By Dan Drake The book I co-authored with Wendy Conquest is officially live. You can find it here! Thanks to everyone who supported us as we were working on this project.
We hope it will help addicts, partners, and couples gain better understanding as they work on healing from the impacts of sex addiction on their lives and in their relationships.
By apsats1 06 Jan, 2017
By admin No New Year’s Resolution!,
Stephanie Wiesman, MS, LPC, NCC
It has become popular to refer to 2016 as one of the worst years in recent memory. And for a lot of us, it was very difficult. There were many high profile deaths of well-loved celebrities, politics that at times were indescribable, and just a general feeling of “What in the world will happen next?”
For those reasons, we all looked forward to 2017, and I even saw some memes about staying awake until midnight “to watch 2016 die.” But just like every other New Year, a lot of people made New Year’s resolutions. They may have been common – lose weight, drink more water, spend less time on social media – or they may have been more personal. This year, though, I did not make any resolutions. Instead, I chose a word that I wanted 2017 to embody.
I did this with the help of Susannah Conway. I had already started her Unravel 2017 Yearbook, and then I saw that she was offering a free 5-day course on finding your Word of 2017. Please go check out her site for those resources, they have been great for me already.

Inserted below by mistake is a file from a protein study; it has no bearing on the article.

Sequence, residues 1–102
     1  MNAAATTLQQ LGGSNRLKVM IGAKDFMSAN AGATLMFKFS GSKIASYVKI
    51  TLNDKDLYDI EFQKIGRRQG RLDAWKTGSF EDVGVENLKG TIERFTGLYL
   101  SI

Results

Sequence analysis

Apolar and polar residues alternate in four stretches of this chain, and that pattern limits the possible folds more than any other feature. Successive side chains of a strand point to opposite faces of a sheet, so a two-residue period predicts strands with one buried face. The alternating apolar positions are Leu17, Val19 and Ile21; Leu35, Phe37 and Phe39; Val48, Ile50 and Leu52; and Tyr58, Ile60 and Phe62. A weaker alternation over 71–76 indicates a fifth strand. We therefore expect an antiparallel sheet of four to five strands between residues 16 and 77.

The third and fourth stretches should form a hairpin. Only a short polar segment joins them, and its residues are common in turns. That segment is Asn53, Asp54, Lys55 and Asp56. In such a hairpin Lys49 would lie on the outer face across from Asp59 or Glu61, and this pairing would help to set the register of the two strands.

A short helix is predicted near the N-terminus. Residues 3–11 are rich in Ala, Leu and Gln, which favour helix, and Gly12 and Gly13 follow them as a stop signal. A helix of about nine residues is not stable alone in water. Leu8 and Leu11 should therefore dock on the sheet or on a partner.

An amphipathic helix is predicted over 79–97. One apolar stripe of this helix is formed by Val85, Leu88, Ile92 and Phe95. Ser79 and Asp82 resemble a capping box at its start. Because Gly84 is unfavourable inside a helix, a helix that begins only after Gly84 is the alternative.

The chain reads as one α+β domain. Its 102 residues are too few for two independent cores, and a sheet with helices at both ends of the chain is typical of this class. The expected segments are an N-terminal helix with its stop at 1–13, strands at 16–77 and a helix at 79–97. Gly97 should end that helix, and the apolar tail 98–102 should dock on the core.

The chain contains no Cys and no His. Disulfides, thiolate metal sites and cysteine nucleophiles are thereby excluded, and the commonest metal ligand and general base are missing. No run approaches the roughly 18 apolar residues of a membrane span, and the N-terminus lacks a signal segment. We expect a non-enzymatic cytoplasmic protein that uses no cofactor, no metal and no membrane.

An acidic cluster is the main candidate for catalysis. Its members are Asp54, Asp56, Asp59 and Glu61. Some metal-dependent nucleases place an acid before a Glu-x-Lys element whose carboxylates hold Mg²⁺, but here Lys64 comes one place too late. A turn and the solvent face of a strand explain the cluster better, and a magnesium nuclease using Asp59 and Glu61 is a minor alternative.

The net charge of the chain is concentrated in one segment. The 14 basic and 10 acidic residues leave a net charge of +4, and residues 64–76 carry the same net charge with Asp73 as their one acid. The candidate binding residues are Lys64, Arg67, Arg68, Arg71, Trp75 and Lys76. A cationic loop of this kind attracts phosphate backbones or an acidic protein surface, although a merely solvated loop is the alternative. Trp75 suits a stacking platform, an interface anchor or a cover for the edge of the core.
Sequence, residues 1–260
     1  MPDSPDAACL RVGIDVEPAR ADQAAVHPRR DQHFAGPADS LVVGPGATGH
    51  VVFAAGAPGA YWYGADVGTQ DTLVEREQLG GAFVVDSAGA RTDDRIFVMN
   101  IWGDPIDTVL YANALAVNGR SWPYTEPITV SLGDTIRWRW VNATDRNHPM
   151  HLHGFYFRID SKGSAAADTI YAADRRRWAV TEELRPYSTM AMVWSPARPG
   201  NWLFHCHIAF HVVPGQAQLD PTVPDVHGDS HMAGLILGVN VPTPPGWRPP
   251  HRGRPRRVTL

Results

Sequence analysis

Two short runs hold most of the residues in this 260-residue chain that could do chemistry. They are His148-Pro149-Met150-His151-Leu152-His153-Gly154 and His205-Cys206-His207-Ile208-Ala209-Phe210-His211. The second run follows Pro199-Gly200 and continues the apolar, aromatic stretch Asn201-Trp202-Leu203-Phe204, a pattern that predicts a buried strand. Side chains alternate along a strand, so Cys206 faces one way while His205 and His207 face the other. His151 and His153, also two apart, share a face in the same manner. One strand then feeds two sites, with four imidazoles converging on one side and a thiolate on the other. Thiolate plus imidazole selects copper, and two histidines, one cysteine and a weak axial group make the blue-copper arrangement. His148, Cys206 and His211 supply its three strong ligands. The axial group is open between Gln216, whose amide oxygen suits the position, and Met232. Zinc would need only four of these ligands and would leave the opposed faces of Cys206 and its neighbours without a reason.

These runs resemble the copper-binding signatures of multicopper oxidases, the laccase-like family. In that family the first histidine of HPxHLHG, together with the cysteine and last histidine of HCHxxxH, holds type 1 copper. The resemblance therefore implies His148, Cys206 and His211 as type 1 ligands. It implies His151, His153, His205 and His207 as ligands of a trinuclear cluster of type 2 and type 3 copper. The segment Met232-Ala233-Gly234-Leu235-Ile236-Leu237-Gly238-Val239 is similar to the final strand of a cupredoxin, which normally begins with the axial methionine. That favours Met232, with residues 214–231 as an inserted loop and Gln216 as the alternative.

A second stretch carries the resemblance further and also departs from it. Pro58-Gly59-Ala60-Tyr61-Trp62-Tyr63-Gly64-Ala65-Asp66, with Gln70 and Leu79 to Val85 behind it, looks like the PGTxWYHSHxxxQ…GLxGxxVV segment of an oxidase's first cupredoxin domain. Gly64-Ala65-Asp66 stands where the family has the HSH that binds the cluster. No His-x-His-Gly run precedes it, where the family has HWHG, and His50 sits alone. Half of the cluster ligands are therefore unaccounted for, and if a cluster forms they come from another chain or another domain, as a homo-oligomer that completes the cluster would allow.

Over the years, I’ve started to think that New Year’s Resolutions can just be another way to feel like we aren’t enough – we aren’t doing good enough, whatever that might mean for us. And one of the most common causes of anxiety and depression can be that feeling of “not enough” – at least, that’s been my experience in my practice as well as at times in my own life.
My word for 2017 is DEVELOP. I want to develop my practice, and develop a more intentional and meaningful self-care routine. My goal for having a Word of the Year is something I can build toward, not something that I might not live up to. It’s intentionally vague – develop can mean anything I want it to or as much as I want it do. I hope to have this word embody most of what I do during the next 12 months.
I highly recommend Susannah’s work. It’s not too late to find your word for the year and set your intention to live it. Good luck, and Happy New Year!
By apsats1 09 Dec, 2016
To our recovery family & friends from APSATS:
By apsats1 15 Nov, 2016
By DrJaniceCaudill Texas’ first therapeutic men’s intimacy anorexia recovery group is set to begin January 2017 in McKinney. Although the Dallas-Ft. Worth and surrounding areas have a strong therapeutic and 12 Step recovery community for sex, love and pornography addiction, recovery resources for those who also struggle with intimacy anorexia (IA) are rare and therapist led support groups non-existent.
The men’s IA group will be the first of it’s kind in Texas. It is led by Dr. Janice Caudill, a CSAT and the first certified IAT (Intimacy Anorexia Therapist) in the state. The IA group will have a work-group format, with members completing workbook exercises specifically designed for IA recovery.